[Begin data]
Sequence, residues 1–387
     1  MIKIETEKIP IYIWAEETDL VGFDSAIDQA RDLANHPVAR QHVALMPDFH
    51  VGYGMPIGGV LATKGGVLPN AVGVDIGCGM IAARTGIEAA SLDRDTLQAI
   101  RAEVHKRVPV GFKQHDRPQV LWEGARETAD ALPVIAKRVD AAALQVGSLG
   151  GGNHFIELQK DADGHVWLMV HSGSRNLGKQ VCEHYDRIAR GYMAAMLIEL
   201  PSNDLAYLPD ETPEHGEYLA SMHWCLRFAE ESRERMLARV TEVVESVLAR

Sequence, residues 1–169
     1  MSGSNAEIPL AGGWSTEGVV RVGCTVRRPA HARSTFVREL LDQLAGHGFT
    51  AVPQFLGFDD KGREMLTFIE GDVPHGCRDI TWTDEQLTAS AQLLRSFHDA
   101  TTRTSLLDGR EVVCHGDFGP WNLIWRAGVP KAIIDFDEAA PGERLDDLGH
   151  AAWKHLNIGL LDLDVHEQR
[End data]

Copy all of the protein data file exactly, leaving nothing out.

Sequence, residues 1–387
     1  MIKIETEKIP IYIWAEETDL VGFDSAIDQA RDLANHPVAR QHVALMPDFH
    51  VGYGMPIGGV LATKGGVLPN AVGVDIGCGM IAARTGIEAA SLDRDTLQAI
   101  RAEVHKRVPV GFKQHDRPQV LWEGARETAD ALPVIAKRVD AAALQVGSLG
   151  GGNHFIELQK DADGHVWLMV HSGSRNLGKQ VCEHYDRIAR GYMAAMLIEL
   201  PSNDLAYLPD ETPEHGEYLA SMHWCLRFAE ESRERMLARV TEVVESVLAR

Sequence, residues 1–169
     1  MSGSNAEIPL AGGWSTEGVV RVGCTVRRPA HARSTFVREL LDQLAGHGFT
    51  AVPQFLGFDD KGREMLTFIE GDVPHGCRDI TWTDEQLTAS AQLLRSFHDA
   101  TTRTSLLDGR EVVCHGDFGP WNLIWRAGVP KAIIDFDEAA PGERLDDLGH
   151  AAWKHLNIGL LDLDVHEQR